Each year, an estimated 100,000 people contract valley fever (medical name coccidioidomycosis)—a lung infection caused by a soil-dwelling fungus found primarily in the desert regions of Arizona and California. Most never show any symptoms, while others experience mild cold or flu-like ailments.
Less than 10% of infections progress to more severe illnesses and in rare cases the fungus moves outside the lungs to the muscles, bones, or skin. At its worst, the disease can cause a form of meningitis—leading to between 50 and 100 deaths per year. Annual healthcare costs related to valley fever are upwards of $60 million.
Researchers in the 1950s discovered the microscopic culprit for the disease, the fungus Coccidioides immitis. They also noted links between outbreaks of valley fever and climatic conditions, with peak cases following heavy rainy seasons.
While researchers are still learning about the disease's link to climate, it is believed that the fungus grows during wet periods and then forms tiny spores as the soil dries out. The spores release into the air when windy conditions or human activities, such as construction, disturb the soil.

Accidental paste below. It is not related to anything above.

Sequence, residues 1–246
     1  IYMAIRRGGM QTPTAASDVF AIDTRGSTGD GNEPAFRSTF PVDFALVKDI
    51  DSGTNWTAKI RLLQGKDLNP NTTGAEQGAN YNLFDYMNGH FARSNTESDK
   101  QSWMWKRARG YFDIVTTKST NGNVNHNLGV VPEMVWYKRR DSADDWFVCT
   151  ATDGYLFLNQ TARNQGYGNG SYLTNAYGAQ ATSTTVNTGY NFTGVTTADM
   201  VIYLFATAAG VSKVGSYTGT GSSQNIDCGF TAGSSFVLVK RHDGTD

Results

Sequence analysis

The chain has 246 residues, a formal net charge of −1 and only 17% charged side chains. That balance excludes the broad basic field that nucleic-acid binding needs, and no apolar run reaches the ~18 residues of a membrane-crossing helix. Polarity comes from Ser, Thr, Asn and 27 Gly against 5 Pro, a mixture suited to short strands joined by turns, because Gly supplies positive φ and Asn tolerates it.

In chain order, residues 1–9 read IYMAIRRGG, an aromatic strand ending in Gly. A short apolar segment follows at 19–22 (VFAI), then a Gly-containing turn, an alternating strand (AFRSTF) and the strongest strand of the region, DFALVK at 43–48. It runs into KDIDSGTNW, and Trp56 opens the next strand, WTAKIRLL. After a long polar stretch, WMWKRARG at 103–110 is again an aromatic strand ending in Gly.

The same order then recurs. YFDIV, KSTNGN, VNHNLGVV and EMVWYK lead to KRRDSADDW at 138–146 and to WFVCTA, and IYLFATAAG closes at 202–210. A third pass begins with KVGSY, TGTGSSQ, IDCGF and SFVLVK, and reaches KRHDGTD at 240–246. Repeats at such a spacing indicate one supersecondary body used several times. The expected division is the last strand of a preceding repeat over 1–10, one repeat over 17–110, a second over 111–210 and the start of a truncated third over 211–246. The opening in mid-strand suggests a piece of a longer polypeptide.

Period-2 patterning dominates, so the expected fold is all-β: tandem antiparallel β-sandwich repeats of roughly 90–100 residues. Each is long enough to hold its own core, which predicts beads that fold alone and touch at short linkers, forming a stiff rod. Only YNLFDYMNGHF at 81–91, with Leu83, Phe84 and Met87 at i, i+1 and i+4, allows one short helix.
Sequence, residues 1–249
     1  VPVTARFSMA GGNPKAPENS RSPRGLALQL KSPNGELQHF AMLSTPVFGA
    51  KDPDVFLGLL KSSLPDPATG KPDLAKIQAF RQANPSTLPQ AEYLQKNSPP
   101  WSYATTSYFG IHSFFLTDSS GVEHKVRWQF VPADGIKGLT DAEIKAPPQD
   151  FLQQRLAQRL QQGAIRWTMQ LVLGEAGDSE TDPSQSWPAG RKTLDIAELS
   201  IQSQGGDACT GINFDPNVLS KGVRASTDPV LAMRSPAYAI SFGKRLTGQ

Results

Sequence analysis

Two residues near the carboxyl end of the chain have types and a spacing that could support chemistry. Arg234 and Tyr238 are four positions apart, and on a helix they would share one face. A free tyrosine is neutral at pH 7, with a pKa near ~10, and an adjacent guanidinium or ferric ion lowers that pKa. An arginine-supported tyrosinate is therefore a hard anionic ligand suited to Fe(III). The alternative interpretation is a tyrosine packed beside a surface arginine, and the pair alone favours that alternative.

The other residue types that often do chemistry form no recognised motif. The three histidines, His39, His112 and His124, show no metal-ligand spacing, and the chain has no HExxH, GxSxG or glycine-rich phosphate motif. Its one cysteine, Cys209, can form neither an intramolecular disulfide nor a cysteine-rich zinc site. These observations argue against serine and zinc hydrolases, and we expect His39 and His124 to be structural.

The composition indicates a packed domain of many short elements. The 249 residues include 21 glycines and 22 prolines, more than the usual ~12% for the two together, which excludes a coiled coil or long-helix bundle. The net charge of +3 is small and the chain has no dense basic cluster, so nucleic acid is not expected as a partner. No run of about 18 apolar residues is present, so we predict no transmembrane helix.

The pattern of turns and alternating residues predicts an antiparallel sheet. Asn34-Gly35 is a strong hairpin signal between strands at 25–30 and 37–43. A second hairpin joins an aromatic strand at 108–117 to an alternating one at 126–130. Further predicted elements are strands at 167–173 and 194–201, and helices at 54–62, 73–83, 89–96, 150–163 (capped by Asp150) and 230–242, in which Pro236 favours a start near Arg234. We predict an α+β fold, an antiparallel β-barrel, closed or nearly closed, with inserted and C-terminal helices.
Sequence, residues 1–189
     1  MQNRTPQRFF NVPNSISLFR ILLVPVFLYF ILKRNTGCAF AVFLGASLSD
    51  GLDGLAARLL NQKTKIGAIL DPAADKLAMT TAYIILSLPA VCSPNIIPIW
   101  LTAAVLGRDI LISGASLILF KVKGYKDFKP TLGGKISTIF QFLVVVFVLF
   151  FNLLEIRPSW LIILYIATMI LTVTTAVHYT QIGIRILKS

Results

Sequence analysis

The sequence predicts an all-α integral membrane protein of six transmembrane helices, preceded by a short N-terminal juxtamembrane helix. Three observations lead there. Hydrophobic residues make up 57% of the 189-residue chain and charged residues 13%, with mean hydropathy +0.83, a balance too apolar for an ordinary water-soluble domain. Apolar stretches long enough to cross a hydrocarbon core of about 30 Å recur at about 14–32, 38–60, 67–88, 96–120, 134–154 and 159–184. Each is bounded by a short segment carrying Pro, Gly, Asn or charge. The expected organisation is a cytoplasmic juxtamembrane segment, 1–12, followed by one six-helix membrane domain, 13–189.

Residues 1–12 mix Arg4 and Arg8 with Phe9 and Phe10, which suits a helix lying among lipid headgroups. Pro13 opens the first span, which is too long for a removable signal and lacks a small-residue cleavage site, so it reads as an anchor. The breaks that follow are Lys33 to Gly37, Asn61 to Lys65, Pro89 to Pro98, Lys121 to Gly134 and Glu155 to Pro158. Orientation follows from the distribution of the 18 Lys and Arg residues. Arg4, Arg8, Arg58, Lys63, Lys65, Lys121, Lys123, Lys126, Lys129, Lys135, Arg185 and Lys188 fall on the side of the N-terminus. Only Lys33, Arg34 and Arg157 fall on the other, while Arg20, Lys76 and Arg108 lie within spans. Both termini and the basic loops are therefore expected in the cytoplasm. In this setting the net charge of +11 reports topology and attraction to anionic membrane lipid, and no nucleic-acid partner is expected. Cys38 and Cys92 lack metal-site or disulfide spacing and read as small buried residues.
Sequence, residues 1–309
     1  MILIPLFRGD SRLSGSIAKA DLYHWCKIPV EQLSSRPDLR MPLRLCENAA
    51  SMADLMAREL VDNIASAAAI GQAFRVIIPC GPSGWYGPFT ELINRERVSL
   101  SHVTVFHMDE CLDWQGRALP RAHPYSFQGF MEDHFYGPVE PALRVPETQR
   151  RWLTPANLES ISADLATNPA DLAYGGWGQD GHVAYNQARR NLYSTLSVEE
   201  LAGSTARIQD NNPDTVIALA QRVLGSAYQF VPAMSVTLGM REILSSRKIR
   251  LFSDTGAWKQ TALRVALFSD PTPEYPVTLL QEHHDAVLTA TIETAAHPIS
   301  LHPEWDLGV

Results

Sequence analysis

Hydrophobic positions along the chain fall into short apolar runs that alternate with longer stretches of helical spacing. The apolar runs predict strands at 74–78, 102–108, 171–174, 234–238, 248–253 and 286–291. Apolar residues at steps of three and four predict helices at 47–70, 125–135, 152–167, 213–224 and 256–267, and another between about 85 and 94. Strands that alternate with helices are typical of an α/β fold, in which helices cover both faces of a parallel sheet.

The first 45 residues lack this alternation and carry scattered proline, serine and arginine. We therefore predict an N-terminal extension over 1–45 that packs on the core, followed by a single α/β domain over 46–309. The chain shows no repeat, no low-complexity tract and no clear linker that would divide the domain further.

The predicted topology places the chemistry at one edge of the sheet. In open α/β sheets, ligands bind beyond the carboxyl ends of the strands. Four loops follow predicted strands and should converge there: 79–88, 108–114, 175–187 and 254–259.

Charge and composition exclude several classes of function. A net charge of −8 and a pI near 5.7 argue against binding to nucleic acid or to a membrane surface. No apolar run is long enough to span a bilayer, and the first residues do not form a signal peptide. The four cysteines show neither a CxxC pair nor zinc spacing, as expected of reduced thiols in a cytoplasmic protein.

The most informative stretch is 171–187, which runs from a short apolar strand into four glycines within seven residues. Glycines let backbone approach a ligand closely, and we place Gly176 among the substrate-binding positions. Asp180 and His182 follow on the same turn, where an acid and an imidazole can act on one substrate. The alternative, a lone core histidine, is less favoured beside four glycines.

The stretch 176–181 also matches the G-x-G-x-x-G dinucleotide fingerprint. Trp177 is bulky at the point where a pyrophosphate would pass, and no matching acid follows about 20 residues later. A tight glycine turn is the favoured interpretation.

Hot weather may also be an important factor in the mix. It is believed that extremely high temperatures can sterilize the soil, possibly killing other microorganisms while C. immitis remains dormant in deeper layers of the soil. When conditions change, the fungus may return to the surface layer flourish in the soil with little competition.
As the population of the Soutwestern United States continues to swell, thousands of more people are exposed to the disease each year. The highest incidences of valley fever occur near Tucson and Phoenix in Arizona and near Bakersfield, Calif., but the fungus is also found in parts of Texas, Nevada, and New Mexico. If climate change makes conditions more favorable for the fungus in these areas, large cities such as Los Angeles, El Paso, and Las Vegas could be at risk.